|With proper shot placement and good bullets, the .308 will always do the job.|
I can’t shoot that buffalo with a .308, Ian. Nobody does that.” I still remember that conversation with a good friend about his upcoming opportunity to shoot a big, old bull. He sells rifles by the score, but his inventory was depleted at the time. I had recently helped him set up a great-shooting heavy-barrel Remington Model 700 in .308 Winchester, so I grabbed a box of Federal 180 Trophy Bonded Bear Claws and said, “These are ideal. Give them a try. You can place the bullet perfectly with that Remington, what more do you want?”
A few days later, he called and told me the bull died instantly from one Bear Claw to the forehead. Although he still won’t hunt with a .308, my friend admits the little cartridge did a fine job. I’m always amazed when he tells me how difficult it is to sell used .308s and how nobody in their right mind orders one anymore. The little cartridge is by far my favorite for hunting in Saskatchewan, and I would have no concerns using it farther afield. I know it’s a great caribou killer, even at fairly long ranges.
Against the Magnums
I admit to shooting my share of magnum ammo through the years, and I still play with the .300 and .325 WSMs and other magnums. There is a place for more reach and smack, and I get just that from my magnums — at both ends. My .308 rifles do not beat me up, and they are much easier to shoot with extreme precision. It’s as simple as that. Granted, a really light .308 will let you know when it goes off, but the recoil energy and muzzle jump is nothing compared to that of larger cartridges.
One reason the .308 is such an effective hunting cartridge is the choice of excellent bullets and bullet weights. Bonded bullets allow flatter trajectories and more energy. I rely on 165-grain bullets instead of 180s since switching to the bonded designs. My rationale is that 85 percent of 165 grains is better than 40 percent or 50 percent of 180, because many lesser bullets break up and shed their jackets and cores. Swift Sciroccos, Hornady Interbonds and Bear Claws do the job. More recent bullets — such as Nosler’s E-Tips, Winchester XP3s, Barnes Triple Shocks and Remington’s Bonded Core-Lokts — are also fine choices.
No doubt, the main reason I favor the .308 is because I shoot it so much. I enjoy the challenge of hitting distant targets, and the .308 is the ideal platform to learn the necessary skills and gain confidence at fairly long ranges. There are excellent reasons for that, the first of which is that the little cartridge is inherently accurate. I do not care about blistering velocities and flat trajectories as much as accuracy, shooting costs and barrel life. My .308 barrels will last for several thousand rounds compared to 1,500 or fewer with many magnums.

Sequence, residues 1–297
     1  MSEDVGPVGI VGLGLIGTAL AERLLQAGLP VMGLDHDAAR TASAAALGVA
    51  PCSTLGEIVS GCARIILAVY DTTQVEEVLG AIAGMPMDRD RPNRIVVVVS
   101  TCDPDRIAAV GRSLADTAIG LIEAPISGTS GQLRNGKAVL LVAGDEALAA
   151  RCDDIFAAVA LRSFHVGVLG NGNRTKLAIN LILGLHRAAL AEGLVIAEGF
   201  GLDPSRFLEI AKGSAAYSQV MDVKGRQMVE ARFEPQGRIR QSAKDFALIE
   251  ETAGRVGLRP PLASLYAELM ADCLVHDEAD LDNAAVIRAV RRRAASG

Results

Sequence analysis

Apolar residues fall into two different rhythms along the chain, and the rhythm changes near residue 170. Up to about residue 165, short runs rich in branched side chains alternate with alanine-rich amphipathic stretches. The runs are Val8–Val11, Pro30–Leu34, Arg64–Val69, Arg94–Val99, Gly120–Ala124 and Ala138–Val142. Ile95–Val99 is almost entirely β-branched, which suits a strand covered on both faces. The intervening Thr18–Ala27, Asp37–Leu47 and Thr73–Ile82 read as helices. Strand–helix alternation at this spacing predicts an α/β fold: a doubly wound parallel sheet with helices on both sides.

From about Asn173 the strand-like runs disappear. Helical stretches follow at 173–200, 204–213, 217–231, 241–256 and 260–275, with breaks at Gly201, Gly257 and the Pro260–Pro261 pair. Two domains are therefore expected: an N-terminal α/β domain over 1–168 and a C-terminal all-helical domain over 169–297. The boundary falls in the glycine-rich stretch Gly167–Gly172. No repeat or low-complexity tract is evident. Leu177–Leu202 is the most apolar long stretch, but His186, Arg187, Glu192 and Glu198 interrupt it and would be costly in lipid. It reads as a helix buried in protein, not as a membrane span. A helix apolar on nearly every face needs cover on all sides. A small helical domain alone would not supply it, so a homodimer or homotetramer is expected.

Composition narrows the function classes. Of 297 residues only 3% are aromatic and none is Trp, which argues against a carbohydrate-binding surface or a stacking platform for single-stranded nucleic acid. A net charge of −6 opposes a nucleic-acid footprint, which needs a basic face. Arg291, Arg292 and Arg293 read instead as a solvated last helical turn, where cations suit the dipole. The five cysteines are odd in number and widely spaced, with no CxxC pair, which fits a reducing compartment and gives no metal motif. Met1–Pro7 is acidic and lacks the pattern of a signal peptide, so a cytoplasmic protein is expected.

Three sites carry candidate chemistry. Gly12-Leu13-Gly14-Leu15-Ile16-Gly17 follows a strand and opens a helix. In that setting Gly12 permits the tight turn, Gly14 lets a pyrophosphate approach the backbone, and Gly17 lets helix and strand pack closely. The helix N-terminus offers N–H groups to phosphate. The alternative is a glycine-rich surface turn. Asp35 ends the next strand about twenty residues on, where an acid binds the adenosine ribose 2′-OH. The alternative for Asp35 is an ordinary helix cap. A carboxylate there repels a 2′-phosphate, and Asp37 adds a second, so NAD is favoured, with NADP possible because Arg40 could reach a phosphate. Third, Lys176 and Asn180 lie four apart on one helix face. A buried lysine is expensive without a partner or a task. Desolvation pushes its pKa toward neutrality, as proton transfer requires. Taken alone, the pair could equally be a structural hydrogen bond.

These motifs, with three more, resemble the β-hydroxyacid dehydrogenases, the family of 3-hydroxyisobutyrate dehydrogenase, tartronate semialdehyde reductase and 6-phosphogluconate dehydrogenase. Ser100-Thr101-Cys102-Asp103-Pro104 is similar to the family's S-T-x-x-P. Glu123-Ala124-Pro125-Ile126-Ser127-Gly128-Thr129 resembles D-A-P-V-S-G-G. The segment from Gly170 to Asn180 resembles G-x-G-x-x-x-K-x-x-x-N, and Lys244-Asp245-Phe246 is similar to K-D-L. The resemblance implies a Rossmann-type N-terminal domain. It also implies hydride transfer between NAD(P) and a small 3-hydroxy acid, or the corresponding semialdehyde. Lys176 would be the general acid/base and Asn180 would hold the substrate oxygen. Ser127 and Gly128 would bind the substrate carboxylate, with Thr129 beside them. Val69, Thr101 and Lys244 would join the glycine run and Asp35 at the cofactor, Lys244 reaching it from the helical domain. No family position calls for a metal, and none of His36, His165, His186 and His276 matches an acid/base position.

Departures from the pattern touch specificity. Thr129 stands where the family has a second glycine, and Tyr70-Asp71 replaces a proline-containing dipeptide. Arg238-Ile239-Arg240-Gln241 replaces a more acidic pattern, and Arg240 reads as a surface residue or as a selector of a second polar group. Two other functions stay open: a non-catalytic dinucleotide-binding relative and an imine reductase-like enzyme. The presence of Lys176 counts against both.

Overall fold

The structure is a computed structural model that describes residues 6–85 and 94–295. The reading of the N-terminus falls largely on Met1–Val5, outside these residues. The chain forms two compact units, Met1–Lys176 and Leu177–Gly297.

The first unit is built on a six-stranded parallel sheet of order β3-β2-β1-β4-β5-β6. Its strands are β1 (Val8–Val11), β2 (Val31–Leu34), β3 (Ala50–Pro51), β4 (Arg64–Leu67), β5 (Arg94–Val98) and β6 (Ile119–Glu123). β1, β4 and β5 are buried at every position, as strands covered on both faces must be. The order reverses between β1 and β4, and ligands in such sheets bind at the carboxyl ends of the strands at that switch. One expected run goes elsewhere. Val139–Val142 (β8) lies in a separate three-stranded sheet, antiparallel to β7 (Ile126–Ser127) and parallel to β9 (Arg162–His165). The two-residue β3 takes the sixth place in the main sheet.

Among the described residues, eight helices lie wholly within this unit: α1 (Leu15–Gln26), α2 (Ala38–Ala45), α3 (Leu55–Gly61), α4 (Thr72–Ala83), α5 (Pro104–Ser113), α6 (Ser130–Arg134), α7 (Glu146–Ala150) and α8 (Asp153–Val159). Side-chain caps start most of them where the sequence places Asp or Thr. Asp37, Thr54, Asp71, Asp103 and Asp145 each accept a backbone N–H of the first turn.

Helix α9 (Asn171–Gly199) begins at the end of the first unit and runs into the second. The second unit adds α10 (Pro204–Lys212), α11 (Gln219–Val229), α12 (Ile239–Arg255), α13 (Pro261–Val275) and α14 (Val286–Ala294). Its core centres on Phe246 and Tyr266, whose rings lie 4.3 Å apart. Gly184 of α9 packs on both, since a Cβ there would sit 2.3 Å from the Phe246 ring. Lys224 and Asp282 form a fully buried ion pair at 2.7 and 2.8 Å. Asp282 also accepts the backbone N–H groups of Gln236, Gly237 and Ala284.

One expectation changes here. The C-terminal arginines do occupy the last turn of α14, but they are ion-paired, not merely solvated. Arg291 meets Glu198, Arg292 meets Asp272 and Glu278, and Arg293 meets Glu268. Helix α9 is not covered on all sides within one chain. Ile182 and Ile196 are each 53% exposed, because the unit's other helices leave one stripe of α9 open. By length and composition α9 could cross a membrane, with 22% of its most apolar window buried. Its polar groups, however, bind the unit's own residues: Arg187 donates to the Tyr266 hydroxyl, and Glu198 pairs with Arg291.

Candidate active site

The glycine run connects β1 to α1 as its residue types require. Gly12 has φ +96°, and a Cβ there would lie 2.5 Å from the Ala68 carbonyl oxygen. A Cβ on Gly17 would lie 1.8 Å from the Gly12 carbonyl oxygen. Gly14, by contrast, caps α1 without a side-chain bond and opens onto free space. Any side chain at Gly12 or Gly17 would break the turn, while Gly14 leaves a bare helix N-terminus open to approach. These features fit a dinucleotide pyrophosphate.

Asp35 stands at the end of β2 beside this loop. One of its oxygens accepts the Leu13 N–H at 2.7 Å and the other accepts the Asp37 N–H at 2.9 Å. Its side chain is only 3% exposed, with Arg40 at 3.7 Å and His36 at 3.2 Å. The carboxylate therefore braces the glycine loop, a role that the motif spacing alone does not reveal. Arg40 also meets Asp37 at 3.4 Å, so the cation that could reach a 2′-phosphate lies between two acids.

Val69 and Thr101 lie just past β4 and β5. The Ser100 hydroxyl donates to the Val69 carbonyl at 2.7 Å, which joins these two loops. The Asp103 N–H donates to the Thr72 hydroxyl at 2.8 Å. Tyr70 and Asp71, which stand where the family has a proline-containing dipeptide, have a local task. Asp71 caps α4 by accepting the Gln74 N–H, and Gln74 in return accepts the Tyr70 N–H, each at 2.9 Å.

|The .308 is Ian McMurchy’s favorite hunting Cartridge, mostly because of the great bullets and solid information available for the caliber.|
My 168- and 175-grain bullets might only be flying about 2,600 feet per second, but they follow the same arc with amazing precision. I really don’t care about how many inches of drop I have compared to other cartridges, because my drop charts are extremely accurate and repeatable. The military has studied the .308 to perfection, and there are almost no secrets concerning drop and wind-drift.
Actually, wind drift is relatively easy to handle if you know the velocity and direction, again using military-developed charts.
.308 Vs. The Ultimate Enemy
In a 10-mph full-value wind (3 or 9 o’clock), I simply apply one minute of angle less than the first digit of the distance. At 600 yards, that would be five minutes of angle — simple as that. The interesting thing is, this works. Drops are a little more involved, but not much. I use various aides to ensure that I have quick access to the necessary numbers. Some of the more common settings are engraved in my memory, but I don’t trust that source nearly as much as the written dope-charts.
How do you keep track of elevations? I use a slick little device that attaches directly to the tube of my scope. I simply grab a tab and unreel a small tape-measure-like device with my drops and drift written on it. I also use commercial Ballisticard drop cards that provide even more data. On some of my rifles, I’ve applied simple labels with the info in rows. As you can see, drop info is crucial for long-range shooting success.
I should mention that wind considerations can be more complex than merely knowing speed and direction. Winds gust and swirl and do weird things in rough terrain. Wind is our ultimate enemy, but it can be handled if you work hard at understanding its properties. My friends and I almost always shoot with a spotter in charge, so the onus is on him to make good calls. That lets the shooter concentrate on marksmanship.
What can you expect from a good-shooting .308 at longer distances? We practice out at 700 yards a lot. If the spotter can handle the wind, our groups will stay close to one-half MOA at that distance. I have seen the little .308 overlap bullets on my steel targets many times when we are holding well and the wind is steady. Why practice at 700? If I can hit consistently at 700, I should be able to hunt to 450 or 500 yards if necessary. I like to shoot as close as possible, but I also want to use the full potential of my equipment. My .308s are deadly on deer out to 500 yards, so why not use the full capability of my cartridge?
I have killed my share of game with the .308 Winchester, including the odd moose and large black bears. With proper shot placement and good bullets, the .308 will always do the job.
-Sadly, Ian McMurchy passed away recently. He will be missed by the shooting sports community.
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